When you buy decor and don’t like it when you get it home, you always have the option to return it. You might regret the purchase or resent the time it takes to take it back to the store or you might even call it a loss and throw it in a closet, but you won’t beat yourself up about it too badly.
With do-it-yourself projects, it doesn’t work that way. You can’t get the time and money you put into the project back. So when you don’t like the end result, it hurts.
I used to think of DIY projects linearly; I made it, so of course I will like it. I didn’t see any other option. Sadly, the truth is, I didn’t like a lot of things I made. I just didn’t want to admit it.
There’s lots of reasons you might not like a DIY project when it’s done; it doesn’t turn out the way you expected, the style is off, or it looks handmade in a bad way. Sometimes you can like the end result, but resent the piece because it was harder to make then you thought it would be.
When you make something–putting in your own sweat and tears to create it–and it doesn’t turn out, you feel uncreative, defeated, and wasteful.
But you shouldn’t. Try this new way of thinking about your DIY fails. Maybe you’ve heard this before:
“There is no failure. Only feedback.” ~Robert Allen
What if you turned it around and used DIY fails as feedback? Instead of dwelling on why it didn’t work out, reflect on what you learned from the experience. Start with this list of questions:
What did you learn about your style?
If your project didn’t turn out the way you expected, you might have learned something new about your style. Maybe there is a certain material, color, or look you’ve learned you don’t like. Recognizing this is important so you avoid it in future projects.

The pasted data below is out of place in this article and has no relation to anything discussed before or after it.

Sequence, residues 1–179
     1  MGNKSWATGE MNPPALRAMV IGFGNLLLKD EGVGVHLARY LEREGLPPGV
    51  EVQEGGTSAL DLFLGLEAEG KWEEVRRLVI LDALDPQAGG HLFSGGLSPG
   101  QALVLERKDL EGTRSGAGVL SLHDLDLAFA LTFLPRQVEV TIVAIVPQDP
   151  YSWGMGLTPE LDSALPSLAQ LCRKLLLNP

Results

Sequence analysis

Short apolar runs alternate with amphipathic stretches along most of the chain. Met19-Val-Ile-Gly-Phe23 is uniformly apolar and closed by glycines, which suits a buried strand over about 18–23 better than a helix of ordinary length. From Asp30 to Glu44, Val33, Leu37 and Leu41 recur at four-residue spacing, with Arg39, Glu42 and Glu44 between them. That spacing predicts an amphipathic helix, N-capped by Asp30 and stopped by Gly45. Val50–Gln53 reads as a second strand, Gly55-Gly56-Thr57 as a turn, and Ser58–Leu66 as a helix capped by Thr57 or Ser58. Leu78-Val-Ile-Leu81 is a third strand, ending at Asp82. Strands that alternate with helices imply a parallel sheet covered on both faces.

What did you learn about working on that type of project?
Sometimes we don’t like the end result of the project, because we didn’t like the work involved. That’s how I feel about building furniture. You might feel that way about sewing, painting, or crafting. It’s important to learn what types of projects you want to DIY.
Would you want to try a similar project in the future (hopefully with a different outcome)?
So this project might not have been a success, but it might still be a good idea. Maybe it can work for a different room or in a different material. If so, keep it in your idea bank for a future DIY, but make sure to answer the next question before attempting the project again.
What would you do differently next time?
Through a failure you’ll probably come up with a whole list of ways you could make the project or end result better. Even if you never want to do this particular type of project again, this is still a good question to answer. It helps you exercise your creativity muscles and the ideas you have to improve this project may help on other projects.
Did you enjoy the process?
DIY projects are usually more involved than we think they will be. If you enjoy problem-solving, creative-thinking, don’t mind doing some re-work, and can handle occasional project failures, then DIY projects are a good fit for you. If not, it’s okay to admit DIY isn’t for you.
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